Readers respond to coverage from The National.
Make genetic disease screening mandatory
I refer to the editorial A plan to tackle genetic disorders (February 21). Shouldn't screening for genetic disorders after birth be done on a mandatory basis, especially for the high risk groups? Genetic testing done at birth for 100 metabolic disorders at least provides a protective cover to safeguard the child's health.
Early detection also means early start of treatment and a near normal life for the baby. A diagnosis at birth saves the child for being diagnosed later in life with irreparable damage caused by the disease.
Andrea Sarosky, Abu Dhabi
Observations on banking practices
The business article NBAD conducts operational risk awareness program in Oman (February 21) mentioned that the National Bank of Abu Dhabi is rated as one of the 50 safest banks in the world. This is not surprising
About seven times out of 10 when you try to log in to your account you get a message saying that the system is unavailable and please try accessing it later.
If you can't access your own account, your money has got to be safe, hasn't it?
Jeremy P Weeks, Abu Dhabi
I refer to the business article Swiss banks start to disclose Mubarak assets (February 16). Swiss banks used to be the shady lady in the financial world. Why was this system allowed for all these years? And does the Swiss government have no responsibility for hiding ill-gotten wealth from the whole world?
Jayan Nair, Abu Dhabi
Football coach just doing his job
In reference to the article on the recent notorious football scuffle, Tottenham coach Joe Jordan wrong to rile Gennaro Gattuso (February 18), Gattuso is a wind-up merchant. He was trying to get someone sent off all game with his ridiculous antics. Jordan played him at his own game.
It seems like Gattuso likes to dish it out but can't take his own medicine. Coaches always shout during games and make comments to players. Jordan just hit the right buttons. Job done: goodbye Gattuso.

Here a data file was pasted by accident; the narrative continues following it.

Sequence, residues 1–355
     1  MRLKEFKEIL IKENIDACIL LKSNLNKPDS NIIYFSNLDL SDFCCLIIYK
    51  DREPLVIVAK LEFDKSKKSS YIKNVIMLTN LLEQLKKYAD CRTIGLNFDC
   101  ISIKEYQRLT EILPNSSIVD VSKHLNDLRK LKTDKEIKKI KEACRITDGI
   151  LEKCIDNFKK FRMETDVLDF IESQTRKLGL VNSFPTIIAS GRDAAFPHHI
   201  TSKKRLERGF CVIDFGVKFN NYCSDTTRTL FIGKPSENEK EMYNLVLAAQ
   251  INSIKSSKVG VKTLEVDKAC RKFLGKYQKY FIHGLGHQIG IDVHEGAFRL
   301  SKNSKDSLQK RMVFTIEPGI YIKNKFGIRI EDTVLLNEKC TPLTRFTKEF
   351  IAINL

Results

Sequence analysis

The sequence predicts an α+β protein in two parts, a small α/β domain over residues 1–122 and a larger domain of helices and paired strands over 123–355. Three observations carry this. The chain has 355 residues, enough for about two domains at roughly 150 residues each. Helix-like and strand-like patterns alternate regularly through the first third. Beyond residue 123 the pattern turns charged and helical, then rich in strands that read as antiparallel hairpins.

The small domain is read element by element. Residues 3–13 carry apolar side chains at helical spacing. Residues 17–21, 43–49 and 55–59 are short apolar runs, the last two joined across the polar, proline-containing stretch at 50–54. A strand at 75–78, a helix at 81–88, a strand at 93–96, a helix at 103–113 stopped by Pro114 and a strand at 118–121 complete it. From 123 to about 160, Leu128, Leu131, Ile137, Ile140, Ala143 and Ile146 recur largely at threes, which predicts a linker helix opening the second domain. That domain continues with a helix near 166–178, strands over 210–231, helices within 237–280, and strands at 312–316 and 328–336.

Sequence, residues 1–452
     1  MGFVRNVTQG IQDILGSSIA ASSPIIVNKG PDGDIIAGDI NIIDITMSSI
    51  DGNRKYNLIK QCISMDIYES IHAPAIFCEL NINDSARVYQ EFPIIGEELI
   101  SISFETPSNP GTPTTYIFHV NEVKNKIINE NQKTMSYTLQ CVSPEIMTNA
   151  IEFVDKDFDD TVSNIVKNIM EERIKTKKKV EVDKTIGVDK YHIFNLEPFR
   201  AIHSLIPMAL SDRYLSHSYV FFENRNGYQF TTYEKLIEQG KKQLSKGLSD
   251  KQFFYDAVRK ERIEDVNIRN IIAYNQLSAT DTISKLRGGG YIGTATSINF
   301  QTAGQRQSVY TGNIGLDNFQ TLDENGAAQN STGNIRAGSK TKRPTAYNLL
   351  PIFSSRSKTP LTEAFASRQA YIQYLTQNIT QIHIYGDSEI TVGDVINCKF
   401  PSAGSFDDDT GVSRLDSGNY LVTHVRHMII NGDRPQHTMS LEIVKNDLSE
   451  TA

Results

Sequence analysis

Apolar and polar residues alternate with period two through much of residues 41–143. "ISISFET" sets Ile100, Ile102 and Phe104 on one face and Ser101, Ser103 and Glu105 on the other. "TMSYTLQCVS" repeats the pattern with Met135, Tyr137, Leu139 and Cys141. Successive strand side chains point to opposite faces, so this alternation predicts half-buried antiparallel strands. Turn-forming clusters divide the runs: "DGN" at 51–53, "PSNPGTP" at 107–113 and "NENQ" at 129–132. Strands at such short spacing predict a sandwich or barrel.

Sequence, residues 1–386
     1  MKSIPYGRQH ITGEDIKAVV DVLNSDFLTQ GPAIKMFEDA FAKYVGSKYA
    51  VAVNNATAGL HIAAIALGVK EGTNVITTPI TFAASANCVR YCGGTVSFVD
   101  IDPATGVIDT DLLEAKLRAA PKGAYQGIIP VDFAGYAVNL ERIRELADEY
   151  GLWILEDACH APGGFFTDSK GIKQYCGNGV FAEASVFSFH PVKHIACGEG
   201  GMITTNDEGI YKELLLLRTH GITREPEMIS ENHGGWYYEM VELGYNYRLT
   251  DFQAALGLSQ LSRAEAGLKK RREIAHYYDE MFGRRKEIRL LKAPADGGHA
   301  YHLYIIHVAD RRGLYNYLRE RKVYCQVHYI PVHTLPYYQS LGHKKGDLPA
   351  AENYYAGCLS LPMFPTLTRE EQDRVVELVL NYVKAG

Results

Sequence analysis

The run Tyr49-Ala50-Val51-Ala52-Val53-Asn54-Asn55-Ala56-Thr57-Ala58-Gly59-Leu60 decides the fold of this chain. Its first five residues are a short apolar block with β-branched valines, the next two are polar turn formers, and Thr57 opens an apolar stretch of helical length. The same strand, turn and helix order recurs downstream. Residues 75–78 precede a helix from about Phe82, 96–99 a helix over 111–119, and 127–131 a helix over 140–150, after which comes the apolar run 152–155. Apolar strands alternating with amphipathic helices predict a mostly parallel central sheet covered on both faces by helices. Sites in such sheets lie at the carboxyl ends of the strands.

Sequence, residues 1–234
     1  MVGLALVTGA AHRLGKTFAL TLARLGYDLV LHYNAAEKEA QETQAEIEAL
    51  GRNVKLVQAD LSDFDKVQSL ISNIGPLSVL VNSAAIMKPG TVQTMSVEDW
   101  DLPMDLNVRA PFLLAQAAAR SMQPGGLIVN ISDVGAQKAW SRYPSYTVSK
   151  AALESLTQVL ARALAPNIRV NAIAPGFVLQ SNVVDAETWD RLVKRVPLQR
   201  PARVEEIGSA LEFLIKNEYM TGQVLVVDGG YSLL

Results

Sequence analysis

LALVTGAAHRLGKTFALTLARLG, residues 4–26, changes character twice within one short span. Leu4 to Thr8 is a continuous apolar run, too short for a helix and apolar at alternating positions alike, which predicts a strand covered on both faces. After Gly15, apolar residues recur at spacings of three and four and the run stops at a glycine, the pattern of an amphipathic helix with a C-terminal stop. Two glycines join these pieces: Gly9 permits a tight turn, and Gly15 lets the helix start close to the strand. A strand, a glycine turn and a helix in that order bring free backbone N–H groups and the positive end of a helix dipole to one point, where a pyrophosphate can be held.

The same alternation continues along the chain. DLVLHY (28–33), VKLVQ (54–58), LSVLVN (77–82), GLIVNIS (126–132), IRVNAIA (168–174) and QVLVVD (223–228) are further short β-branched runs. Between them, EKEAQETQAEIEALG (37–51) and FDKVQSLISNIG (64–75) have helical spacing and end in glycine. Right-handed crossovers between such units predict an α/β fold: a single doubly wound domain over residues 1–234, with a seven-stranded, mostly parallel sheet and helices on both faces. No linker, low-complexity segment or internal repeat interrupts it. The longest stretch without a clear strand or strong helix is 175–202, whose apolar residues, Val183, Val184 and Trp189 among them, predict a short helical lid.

Ben Wilby, Abu Dhabi
Suggestions on improving schools
I read the front page news article Schools 'failing 4,000 pupils' (February 22) with interest, but I would like to share my experience of what the schools and parents must do to enhance the educational experience of the child. After all, the responsibility of schools and parents should extend not only to academically educating the child but preparing the child for adulthood. Unfortunately, the present world appears too fixated on simply wanting children to crack the exams.
We need to step back a minute and ask ourselves how can we make the child confident and enjoy the overall education experience. And I do not mean simply paying lip service to this overall education concept.
Take mathematics as an example. Many global surveys have shown that it is the weakest link in the child's skill set especially as the current system, biased towards success on exams, is unable to prepare the child for lifelong mathematics skills.
An improved system where the child is given regular learning opportunities at school with lots of real life problems and where their work is accurately tracked so weaknesses in the child's abilities can be addressed in a timely manner should be put in place. That would avoid the panic at exam time and be better for a student's retention of knowledge.
Jay Jobanputra, UK
In light of four articles about the failure of schools, I suggest that the Ministry of Education should kindly consider increasing the salaries for the Asian community teachers from the existing Dh1,350 to Dh2,500. There should be a minimum wage set around Dh4,000 to Dh5,000, considering the expense of living in this country. We need a decent living.
Language training needs a boost
The news article France and Britain hope to find a language in common (February 22) addressed efforts in both countries to improve the learning of English and French.
I was a school governor for one of Greater London's schools and I have seen obstacles and objections to teaching any non-European language. It is my opinion any of the the main international languages (Arabic, Chinese, Spanish, Swahili) should be part of the language curriculum.
I am surprised to find GCC Arab children speaking English as their mode of communication. No language should be given priority over the native tongue in the same way not being able to speak English in the UK is socially divisive.
Davud Burns, UK